terms of the price of a forward or futures contract on the asset using equations (16.13)
and (16.14). The maturity of the forward or futures contract must be the same as the
maturity of the European option.
16.6 AMERICAN OPTIONS
As described in Chapter 12, binomial trees can be used to value American options on
indices and currencies. As in the case of American options on a non-dividend-paying
stock, the parameter determining the size of up movements, u, is set equal to e
a
^~^,
where a is the volatility and At is the length of time steps. The parameter determining
the size of down movements, d, is set equal to l/u, or e~
a
"^. For a non-dividend-
paying stock, the probability of an up movement is
where a = e
rAt
. For options on indices and currencies, the formula for p is the same,
but a is denned differently. In the case of options on an index,
where r
f
is the foreign risk-free rate. Example 12.1 in Section 12.11 shows how a two-step
tree can be constructed to value an option on an index. Example 12.2 shows how a three-
step tree can be constructed to value an option on a currency. Further examples of the use
of binomial trees to value options on indices and currencies are given in Chapter 20.
where q is the dividend yield on the index. In the case of options on a currency,
where
This relationship allows equations (16.11) and (16.12) to be simplified to
Opt ions on St ock Indices and Currencies 357
In some circumstances, it is optimal to exercise American currency and index options
prior to maturity. Thus, American currency and index options are worth more than
their European counterparts. In general, call options on high-interest currencies and
put options on low-interest currencies are the most likely to be exercised prior to
maturity. The reason is that a high-interest currency is expected to depreciate and a
low-interest currency is expected to appreciate. In addition, call options on indices with
high-dividend yields and put options on indices with low-dividend yields are most likely
to be exercised early.
SUMMARY
The index options that trade on exchanges are settled in cash. On exercise of an index
call option, the holder receives 100 times the amount by which the index exceeds the
strike price. Similarly, on exercise of an index put option contract, the holder receives
100 times the amount by which the strike price exceeds the index. Index options can be
used for portfolio insurance. If the value of the portfolio mirrors the index, it is
appropriate to buy one put option contract for each lOOSo dollars in the portfolio,
where S
0
is the value of the index. If the portfolio does not mirror the index, f t put
option contracts should be purchased for each IQ Q S
0
dollars in the portfolio, where f t is
the beta of the portfolio calculated using the capital asset pricing model. The strike
price of the put options purchased should reflect the level of insurance required.
Most currency options are traded in the over-the-counter market. They can be used
by corporate treasurers to hedge a foreign exchange exposure. For example, a US
corporate treasurer who knows that the company will be receiving sterling at a certain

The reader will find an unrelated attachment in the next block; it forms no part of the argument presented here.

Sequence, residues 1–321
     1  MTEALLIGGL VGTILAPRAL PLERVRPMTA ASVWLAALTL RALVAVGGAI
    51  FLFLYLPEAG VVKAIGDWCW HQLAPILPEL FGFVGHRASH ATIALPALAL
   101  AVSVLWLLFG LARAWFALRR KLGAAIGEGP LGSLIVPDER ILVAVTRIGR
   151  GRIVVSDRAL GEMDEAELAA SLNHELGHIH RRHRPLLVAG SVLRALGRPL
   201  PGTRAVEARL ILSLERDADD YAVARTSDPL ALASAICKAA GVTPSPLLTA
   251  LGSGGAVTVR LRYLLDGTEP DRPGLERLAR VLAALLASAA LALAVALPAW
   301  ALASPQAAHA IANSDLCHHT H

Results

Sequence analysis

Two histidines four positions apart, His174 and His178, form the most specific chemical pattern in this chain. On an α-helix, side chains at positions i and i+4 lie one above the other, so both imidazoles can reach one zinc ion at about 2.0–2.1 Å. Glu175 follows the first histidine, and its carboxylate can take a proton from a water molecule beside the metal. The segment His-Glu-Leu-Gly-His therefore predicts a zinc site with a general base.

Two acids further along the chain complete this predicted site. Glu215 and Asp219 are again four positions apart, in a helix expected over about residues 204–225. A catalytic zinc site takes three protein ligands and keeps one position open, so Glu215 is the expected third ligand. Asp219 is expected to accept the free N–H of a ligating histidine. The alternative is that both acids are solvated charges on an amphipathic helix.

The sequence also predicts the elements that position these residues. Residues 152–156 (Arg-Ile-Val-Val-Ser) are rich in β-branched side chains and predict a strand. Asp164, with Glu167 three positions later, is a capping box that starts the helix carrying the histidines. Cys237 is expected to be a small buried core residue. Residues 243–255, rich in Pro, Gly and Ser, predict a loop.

time in the future can hedge by buying put options that mature at that time. Similarly, a
US corporate treasurer who knows that the company will be paying sterling at a certain
time in the future can hedge by buying call options that mature at that time. Currency
options can also be used to create a range forward contract. This is a zero-cost contract
that can be used to provide downside protection while giving up some of the upside for
a company with a known foreign exchange exposure.
The Black-Scholes-Merton formula for valuing European options on a non-dividend-
paying stock can be extended to cover European options on a stock paying a known
dividend yield. The extension can be used to value European options on stock indices and
currencies because:
1. A stock index is analogous to a stock paying a dividend yield. The dividend yield
is the dividend yield on the stocks that make up the index.
2. A foreign currency is analogous to a stock paying a dividend yield. The foreign
risk-free interest rate plays the role of the dividend yield.
Binomial trees can be used to value American options on stock indices and currencies.
FURTHER READING
Amin, K., and R. A. Jarrow. "Pricing Foreign Currency Options under Stochastic Interest
Rates," Journal of Int ernat ional Money and Finance, 10 (1991): 310-29.
358 CHAPTER 16
Biger, N., and J.C. Hull. "The Valuation of Currency Options," Financial Management , 12
(Spring 1983): 24-28.
Bodie, Z. "On the Risk of Stocks in the Long Run," Financial Analyst s Journal, 51, 3 (1995):
18-22.
Garman, M. B., and S.W. Kohlhagen. "Foreign Currency Option Values," Journal of
Int ernat ional Money and Finance, 2 (December 1983): 231-37.
Giddy, I. H., and G. Dufey. "Uses and Abuses of Currency Options," Journal of Applied
Corporat e Finance, 8, 3 (1995): 49-57.
Grabbe, J. O. "The Pricing of Call and Put Options on Foreign Exchange," Journal of
Int ernat ional Money and Finance, 1 (December 1983): 239-53.
Jorion, P. "Predicting Volatility in the Foreign Exchange Market," Journal of Finance 50,
2(1995): 507-28.
Merton, R. C. "Theory of Rational Option Pricing," Bell Journal of Economics and Management
Science, 4 (Spring 1973): 141-83.